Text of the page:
In general, the spores develop directly into the next stage of the life cycle (gametophytes) whereas the role of a gamete is to fuse with a gamete of the opposite sex to form a zygote (which then continues the life cycle by developing into a sporophyte).
The haploid-diplontic life cycle of Ectocarpus
We are using a genetic approach to investigate how these developmental processes are regulated during the life cycle of the filamentous brown alga Ectocarpus sp.
The sporophyte and gametophyte stages often look very different. When this is the case, two different developmental programs need to be implemented at the appropriate stages of the life cycle.
DEVELOPMENT OF THE SPOROPHYTE AND GAMETOPHYTE GENERATIONS OF ECTOCARPUS
Current work aims to identify and characterise major life cycle regulators and to characterise developmental processes downstream of these regulators during the sporophyte and gametophyte generations of the life cycle.
The ouroboros (Coelho et al. 2010) and samsara mutants exhibit complete conversion of the sporophyte generation into a gametophyte. The genes, which encode major life cycle regulators are currently being characterised.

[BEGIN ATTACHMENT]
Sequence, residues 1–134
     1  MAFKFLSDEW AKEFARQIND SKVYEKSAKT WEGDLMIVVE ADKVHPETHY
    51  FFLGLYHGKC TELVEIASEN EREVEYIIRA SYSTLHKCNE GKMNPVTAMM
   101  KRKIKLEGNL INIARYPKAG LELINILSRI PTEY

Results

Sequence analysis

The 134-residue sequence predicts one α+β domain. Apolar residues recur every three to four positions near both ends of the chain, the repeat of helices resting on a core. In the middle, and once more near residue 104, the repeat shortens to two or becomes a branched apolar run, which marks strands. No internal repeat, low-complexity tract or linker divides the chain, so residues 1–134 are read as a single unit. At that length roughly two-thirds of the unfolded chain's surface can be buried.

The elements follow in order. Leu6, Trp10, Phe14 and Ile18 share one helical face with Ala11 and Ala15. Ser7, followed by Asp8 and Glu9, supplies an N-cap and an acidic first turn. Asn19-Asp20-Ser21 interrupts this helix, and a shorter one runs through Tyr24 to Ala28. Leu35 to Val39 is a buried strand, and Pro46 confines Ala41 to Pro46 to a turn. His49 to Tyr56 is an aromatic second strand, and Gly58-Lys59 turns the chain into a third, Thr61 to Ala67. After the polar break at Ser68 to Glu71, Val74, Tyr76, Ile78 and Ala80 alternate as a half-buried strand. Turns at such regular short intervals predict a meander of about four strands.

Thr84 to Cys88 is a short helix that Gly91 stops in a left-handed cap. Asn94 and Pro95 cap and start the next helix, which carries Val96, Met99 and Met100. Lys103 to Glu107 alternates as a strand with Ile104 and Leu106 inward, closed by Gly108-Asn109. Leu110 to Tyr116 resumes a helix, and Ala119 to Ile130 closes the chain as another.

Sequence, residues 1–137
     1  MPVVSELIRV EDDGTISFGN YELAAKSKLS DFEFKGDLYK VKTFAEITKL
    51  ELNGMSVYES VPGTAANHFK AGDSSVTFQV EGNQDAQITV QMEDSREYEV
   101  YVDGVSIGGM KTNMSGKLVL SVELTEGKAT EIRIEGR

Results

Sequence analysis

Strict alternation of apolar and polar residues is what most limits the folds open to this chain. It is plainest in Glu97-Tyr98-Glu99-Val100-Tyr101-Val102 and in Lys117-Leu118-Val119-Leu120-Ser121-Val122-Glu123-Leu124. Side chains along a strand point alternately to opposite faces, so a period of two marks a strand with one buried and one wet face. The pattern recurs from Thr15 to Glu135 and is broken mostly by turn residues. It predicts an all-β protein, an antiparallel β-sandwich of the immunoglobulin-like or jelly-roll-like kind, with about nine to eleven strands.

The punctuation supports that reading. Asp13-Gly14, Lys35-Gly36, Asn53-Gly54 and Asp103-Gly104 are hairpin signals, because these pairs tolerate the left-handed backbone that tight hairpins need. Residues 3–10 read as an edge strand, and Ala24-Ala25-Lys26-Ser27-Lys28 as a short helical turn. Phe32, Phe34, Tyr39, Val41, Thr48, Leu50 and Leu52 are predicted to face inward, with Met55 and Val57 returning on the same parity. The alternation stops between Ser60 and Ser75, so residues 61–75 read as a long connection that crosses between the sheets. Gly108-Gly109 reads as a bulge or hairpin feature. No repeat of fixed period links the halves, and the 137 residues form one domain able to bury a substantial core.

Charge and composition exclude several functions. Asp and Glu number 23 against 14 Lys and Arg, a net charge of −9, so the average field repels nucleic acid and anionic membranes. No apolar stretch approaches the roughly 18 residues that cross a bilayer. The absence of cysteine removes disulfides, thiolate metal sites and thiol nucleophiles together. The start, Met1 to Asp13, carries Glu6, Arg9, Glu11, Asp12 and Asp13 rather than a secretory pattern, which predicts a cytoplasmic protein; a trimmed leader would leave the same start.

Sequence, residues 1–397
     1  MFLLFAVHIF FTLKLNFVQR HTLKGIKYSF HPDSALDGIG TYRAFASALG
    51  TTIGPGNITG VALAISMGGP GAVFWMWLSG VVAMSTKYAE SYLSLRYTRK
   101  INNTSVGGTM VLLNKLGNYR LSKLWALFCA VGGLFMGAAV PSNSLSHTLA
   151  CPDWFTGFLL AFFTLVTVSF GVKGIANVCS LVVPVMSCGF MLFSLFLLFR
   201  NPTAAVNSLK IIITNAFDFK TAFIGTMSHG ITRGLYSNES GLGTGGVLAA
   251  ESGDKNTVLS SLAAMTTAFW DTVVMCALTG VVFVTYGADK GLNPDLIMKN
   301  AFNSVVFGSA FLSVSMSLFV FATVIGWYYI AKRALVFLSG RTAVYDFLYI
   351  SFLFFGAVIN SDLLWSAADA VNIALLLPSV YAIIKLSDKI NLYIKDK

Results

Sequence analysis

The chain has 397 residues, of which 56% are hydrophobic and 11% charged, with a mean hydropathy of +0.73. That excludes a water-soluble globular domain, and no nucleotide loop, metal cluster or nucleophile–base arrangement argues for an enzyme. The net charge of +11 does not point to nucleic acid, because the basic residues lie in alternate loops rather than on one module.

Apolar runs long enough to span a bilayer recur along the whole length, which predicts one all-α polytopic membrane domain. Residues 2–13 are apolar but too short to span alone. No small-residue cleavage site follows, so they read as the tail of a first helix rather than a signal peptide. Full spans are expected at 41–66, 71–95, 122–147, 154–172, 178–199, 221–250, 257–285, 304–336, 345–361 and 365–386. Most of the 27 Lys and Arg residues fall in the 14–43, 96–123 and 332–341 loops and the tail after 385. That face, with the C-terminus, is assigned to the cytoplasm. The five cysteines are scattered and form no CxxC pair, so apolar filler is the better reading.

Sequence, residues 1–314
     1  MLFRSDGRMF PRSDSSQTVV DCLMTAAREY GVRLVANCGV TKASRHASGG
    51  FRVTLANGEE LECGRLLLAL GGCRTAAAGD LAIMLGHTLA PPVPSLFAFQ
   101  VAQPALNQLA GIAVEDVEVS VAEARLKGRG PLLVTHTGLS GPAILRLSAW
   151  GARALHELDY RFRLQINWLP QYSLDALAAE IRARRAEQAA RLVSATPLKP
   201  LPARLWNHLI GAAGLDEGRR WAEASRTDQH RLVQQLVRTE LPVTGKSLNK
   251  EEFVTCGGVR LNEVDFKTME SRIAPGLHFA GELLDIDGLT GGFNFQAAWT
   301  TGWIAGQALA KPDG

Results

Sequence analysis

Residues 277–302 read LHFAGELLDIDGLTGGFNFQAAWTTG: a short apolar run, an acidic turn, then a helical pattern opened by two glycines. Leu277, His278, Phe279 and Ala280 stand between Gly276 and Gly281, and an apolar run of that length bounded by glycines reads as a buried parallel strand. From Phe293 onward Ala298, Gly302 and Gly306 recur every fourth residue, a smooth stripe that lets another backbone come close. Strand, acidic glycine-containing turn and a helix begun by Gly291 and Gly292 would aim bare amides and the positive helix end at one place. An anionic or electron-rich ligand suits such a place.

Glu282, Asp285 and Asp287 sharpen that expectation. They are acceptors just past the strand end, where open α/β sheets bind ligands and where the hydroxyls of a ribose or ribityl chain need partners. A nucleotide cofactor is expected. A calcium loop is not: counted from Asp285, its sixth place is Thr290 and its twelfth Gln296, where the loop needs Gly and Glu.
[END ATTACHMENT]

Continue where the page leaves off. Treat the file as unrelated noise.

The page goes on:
One of the characteristics that distinguish sporophytes from gametophytes is the production of an extensive system of basal filaments before the emergence of the apical filaments that carry the sexual structures. Sporophytes carrying the immediate upright mutation fail to deploy this extensive basal system but there is no phenotype during the gametophyte generation (Peters et al., 2008), indicating that IMMEDIATE UPRIGHT is part of a developmental pathway that arose specifically in the sporophyte. The IMMEDIATE UPRIGHT gene is a member of a large, rapidly evolving family that exhibits an unusual distribution across the eukaryotic tree, suggestive of horizontal gene transfer events (Macaisne et al. 2017).